I know everything is fine, but you mention the word, “oncologist” to me, and my anxiety skyrockets. I’m not sure why it freaks me out so much; I’d rather never see an oncologist again. Thyroid cancer is a SUPER-slow growing cancer, so even if my tests are positive or questionable, I really have nothing to worry about. It’s just a stupid mind-game, and I hate how it affects me (and everyone I care about).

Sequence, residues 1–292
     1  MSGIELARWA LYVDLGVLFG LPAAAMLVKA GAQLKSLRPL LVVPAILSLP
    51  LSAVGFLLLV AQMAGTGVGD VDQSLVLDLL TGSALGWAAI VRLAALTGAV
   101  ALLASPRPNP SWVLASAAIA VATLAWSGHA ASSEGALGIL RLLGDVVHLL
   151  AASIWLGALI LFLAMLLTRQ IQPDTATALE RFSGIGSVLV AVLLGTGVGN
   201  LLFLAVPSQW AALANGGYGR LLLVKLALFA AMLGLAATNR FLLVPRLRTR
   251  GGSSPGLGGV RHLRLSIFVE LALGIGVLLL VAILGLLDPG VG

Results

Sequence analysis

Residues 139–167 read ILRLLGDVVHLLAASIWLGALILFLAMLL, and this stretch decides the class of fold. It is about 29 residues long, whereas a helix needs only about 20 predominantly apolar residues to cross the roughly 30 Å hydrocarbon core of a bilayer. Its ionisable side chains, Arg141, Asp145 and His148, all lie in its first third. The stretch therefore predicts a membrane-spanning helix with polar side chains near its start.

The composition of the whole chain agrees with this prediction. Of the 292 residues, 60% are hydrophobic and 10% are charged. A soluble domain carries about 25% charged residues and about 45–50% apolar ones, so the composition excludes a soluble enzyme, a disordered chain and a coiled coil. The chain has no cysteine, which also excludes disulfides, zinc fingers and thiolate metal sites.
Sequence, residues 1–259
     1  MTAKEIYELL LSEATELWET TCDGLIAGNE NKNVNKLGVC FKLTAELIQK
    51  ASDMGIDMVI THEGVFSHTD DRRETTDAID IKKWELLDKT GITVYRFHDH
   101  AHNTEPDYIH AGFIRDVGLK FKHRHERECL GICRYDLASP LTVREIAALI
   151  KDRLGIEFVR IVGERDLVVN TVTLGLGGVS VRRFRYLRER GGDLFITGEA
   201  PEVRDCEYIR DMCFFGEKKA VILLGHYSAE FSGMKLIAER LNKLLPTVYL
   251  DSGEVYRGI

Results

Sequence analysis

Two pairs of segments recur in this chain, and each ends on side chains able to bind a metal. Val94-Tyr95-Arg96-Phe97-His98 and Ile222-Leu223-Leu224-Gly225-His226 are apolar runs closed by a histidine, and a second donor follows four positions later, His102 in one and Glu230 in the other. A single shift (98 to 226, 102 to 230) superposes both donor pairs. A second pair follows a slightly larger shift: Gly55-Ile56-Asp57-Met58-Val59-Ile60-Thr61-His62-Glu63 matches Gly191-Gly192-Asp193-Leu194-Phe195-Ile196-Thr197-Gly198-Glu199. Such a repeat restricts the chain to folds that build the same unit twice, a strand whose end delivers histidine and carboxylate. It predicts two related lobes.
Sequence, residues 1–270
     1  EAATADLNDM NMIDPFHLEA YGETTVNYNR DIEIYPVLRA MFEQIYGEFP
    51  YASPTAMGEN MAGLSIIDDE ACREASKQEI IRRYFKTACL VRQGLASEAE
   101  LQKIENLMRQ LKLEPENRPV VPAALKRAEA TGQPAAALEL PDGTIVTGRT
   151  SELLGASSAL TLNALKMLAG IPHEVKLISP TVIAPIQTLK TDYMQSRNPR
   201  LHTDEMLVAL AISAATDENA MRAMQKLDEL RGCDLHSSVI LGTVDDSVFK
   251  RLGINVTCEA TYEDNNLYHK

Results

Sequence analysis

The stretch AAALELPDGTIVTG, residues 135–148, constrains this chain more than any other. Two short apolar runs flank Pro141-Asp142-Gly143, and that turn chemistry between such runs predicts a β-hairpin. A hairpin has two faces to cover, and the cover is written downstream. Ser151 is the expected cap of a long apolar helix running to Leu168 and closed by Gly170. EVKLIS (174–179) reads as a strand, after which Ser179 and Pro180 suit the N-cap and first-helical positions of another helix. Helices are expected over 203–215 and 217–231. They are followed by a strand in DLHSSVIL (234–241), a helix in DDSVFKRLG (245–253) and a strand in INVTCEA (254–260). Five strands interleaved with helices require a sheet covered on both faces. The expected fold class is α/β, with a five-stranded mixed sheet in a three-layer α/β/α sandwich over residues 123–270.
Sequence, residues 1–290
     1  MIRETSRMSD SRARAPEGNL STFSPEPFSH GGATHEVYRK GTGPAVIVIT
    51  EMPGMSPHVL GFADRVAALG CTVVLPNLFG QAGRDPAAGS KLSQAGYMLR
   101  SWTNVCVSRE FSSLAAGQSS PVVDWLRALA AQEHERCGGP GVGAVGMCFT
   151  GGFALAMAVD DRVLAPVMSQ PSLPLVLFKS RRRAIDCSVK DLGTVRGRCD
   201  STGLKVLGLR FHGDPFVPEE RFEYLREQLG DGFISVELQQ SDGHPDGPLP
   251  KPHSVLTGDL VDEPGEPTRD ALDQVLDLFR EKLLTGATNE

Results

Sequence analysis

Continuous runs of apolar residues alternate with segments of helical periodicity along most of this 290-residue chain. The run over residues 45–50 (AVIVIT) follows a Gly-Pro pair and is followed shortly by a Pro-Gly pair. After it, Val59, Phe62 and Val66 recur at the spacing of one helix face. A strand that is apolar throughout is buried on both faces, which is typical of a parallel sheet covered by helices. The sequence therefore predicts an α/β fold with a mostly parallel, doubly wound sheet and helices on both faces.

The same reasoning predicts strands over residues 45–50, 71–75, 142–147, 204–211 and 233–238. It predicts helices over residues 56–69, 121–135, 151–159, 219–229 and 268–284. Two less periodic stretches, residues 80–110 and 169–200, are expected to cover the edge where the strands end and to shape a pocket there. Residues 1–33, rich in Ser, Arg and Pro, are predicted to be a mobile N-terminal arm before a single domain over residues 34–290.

When we lived in Kentucky, I had an accident with Holly, and wound up tearing a tendon in my wrist. I didn’t COMPLETELY tear the tendon, and as a result, instead of a simple surgery to repair the damage, I had 6 weeks in a cast, 6 weeks in a brace, and 12 weeks of physical therapy. Something relatively simple became extremely complicated; what sounds like the better version of the injury was actually worse than the reality (Partial tear vs. Complete tear). I feel like thyroid cancer is like that. It’s the “good” kind of cancer–it’s “easily” treated. You remove the thyroid, and we’re good, right? Not really…My dad had a kind of cancer where they removed it all with surgery, and everything was fine–no meds, no radiation, and no chemo. You’d think that thyroid cancer was like that, based on the whole, “just remove the mass and the thyroid” thing. No one talks about the chances of recurrence, the residual activity, and the extreme difficulty in balancing the medication that replaces your thyroid. No one tells you about all of things that are affected by your thyroid–the energy levels, the hormones, the immune system (in my case, because of lymphatic involvement). They don’t tell you that when you catch a basic cold, you’d better call your doctor, because it’s gonna mutate and turn into bronchitis or pneumonia or whatever, because your immune system’s compromised. I just started my 3rd or 4th round of antibiotics this year, and my 2nd round of steroids…over a dang COLD.